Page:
The United States told its West European allies today that it is prepared to resume negotiations with the Soviet Union on limiting nuclear weapons in Europe, but NATO officials made it clear that such talks are probably months away.

The Reagan administration is under steady pressure to resume talks with the Soviets from uneasy European allies who face growing domestic opposition to the alliance's plans to modernize theater nuclear weapons, often referred to as TNF.

No date for the talks to resume was offered by Lawrence S. Eagleburger, assistant secretary of state-designate for European affairs, who met with European disarmament experts here today in the first of a series of politically important consultations between the United States and its West European allies in the coming months.

According to an official who briefed reporters afterward, the allies did not press for a date. The West Europeans seemed aware that Washington is unwilling to provide a specific schedule for talks at this time and appeared satisfied for the moment to have this early alliance consultative session with pursuing talks.

It is widely believed, however, that if the United States does not signal by the summer a firm timetable to return to the negotiating table, the Europeans will press for a definite date.

While European officials were said to have stressed their interest in seeing the negotiations proceed as quickly as possible, they reportedly voiced understanding for the time that is being taken by the Reagan administration to formulate a new East-West policy, specifically a new position on SALT II -- the sidetracked strategic arms limitation agreement initialed by former president Jimmy Carter and Soviet President Leonid Brezhnev in 1979. Carter shelved the agreement after the Soviet intervention in Afghanistan, when it became clear that the Senate would not ratify it, and President Reagan has refused to resubmit it.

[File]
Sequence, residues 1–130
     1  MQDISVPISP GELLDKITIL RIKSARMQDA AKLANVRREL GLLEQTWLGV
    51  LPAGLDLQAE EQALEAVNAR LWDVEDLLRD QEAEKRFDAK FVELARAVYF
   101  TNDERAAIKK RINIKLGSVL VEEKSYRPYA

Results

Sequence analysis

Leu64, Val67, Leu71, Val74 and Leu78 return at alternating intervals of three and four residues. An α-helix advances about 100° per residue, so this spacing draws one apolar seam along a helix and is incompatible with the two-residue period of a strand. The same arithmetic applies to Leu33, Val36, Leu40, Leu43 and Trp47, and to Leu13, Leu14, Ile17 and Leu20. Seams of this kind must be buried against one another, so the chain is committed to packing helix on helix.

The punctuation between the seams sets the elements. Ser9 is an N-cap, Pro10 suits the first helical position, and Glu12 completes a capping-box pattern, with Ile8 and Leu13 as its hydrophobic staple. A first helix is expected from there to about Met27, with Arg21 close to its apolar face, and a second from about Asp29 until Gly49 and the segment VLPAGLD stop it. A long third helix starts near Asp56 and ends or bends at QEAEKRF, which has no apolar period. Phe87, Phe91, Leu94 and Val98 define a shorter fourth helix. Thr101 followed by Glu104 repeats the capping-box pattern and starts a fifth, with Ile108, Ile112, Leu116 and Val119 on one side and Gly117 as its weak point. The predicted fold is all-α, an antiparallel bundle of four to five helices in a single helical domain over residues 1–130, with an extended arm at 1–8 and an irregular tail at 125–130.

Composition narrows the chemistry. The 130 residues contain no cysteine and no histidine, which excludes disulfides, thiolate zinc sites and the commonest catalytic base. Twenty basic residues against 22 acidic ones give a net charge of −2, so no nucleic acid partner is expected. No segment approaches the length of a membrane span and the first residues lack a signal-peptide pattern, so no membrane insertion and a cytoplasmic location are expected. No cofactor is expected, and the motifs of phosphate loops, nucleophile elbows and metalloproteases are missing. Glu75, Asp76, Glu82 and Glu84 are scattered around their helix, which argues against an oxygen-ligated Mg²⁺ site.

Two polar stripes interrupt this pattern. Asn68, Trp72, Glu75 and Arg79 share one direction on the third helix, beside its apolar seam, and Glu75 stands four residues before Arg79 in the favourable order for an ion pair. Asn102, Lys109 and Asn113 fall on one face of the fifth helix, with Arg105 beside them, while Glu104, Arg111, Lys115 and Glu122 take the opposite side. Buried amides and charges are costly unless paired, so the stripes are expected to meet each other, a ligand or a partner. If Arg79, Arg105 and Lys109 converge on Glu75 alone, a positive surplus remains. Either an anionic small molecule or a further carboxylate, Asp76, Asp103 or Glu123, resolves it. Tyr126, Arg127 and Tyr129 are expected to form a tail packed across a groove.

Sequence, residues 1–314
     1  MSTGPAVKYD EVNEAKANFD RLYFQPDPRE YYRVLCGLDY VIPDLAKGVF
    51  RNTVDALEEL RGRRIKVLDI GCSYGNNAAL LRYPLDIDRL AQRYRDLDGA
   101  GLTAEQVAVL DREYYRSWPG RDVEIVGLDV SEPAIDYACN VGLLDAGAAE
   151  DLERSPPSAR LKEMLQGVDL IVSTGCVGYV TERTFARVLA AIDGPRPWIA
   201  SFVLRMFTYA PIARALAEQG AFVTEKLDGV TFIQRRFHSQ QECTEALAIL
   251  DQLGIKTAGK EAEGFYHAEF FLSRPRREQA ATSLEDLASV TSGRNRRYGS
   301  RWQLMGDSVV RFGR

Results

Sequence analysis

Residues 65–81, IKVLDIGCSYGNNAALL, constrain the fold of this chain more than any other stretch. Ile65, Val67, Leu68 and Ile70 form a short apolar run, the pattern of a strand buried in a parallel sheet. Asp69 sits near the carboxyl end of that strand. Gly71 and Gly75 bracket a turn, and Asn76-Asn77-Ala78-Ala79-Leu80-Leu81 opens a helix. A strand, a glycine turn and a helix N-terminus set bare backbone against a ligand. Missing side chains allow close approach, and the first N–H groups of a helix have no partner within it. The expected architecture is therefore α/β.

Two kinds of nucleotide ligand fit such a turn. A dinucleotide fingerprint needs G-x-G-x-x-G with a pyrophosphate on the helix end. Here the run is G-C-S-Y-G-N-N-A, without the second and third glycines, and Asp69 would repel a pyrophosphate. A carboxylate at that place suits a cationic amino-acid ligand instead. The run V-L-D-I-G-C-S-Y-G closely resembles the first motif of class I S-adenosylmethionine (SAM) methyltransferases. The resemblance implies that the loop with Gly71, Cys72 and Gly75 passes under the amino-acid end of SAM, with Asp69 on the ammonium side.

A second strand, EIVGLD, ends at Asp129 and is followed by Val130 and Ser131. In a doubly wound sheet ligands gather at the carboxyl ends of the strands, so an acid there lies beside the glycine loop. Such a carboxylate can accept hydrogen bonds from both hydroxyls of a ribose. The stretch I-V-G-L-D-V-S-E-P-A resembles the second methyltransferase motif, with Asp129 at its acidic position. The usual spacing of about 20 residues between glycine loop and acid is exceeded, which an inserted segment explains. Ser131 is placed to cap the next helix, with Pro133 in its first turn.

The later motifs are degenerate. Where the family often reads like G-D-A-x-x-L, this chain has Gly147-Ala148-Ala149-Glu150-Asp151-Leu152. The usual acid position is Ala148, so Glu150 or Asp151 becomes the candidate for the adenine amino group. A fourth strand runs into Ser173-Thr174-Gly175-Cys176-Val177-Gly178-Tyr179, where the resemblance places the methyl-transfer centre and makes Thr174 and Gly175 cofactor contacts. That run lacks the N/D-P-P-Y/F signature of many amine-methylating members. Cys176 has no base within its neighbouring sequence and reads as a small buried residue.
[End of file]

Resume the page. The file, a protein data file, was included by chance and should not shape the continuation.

Although the arms talks -- which began in Geneva last summer and were suspended after the U.S. elections -- are linked to the entire SALT process, the Reagan administration appears to have accepted the European argument that negotiations about U.S. nuclear weapons in Europe can and should proceed independently of the timing for new talks on the SALT agreement, which covers intercontinental weapons.

Washington initially agreed to negotiate with Moscow about limiting nuclear weapons in Europe in order to win West European support for the December 1979 NATO decision to station new medium-range nuclear missiles in Europe.

This crucial alliance decision was intended to strengthen the West's position in East-West arms talks by offsetting a buildup of similar nuclear weapons by the Soviets.

Before the Geneva talks resume, however, alliance officials made clear today that a round of Western consultations would take place during the next few months. Today's meeting of the so-called Special Consulative Group -- a committee of disarmament experts from NATO member countries charged specifically with monitoring the Geneva negotiations -- marked the first formal alliance review of the talks since the Reagan administration took office.

"This meeting represents an important step in continuing implementation of the arms-control approach," the briefing official said. The process is expected to continue with a meeting next week of the nuclear planning group in Bonn, followed by a meeting of NATO foreign ministers in Rome in May.

"The United States and its allies place great importance on alliance consulations as a step toward resumption of U.S.-Soviet exchanges on theater nuclear forces within the SALT framework," the official said. "Of course, the nature of the TNF-SALT relationship will have to await the outcome of our ongoing review of arms control. However, this is not a question that need delay implementation of our TNF arms control approach."

At the same time, the official said preparations for eventual deployment of 572 U.S.-made cruise and Pershing II missiles "are moving forward on schedule." The first missiles will be moved to Europe in 1983.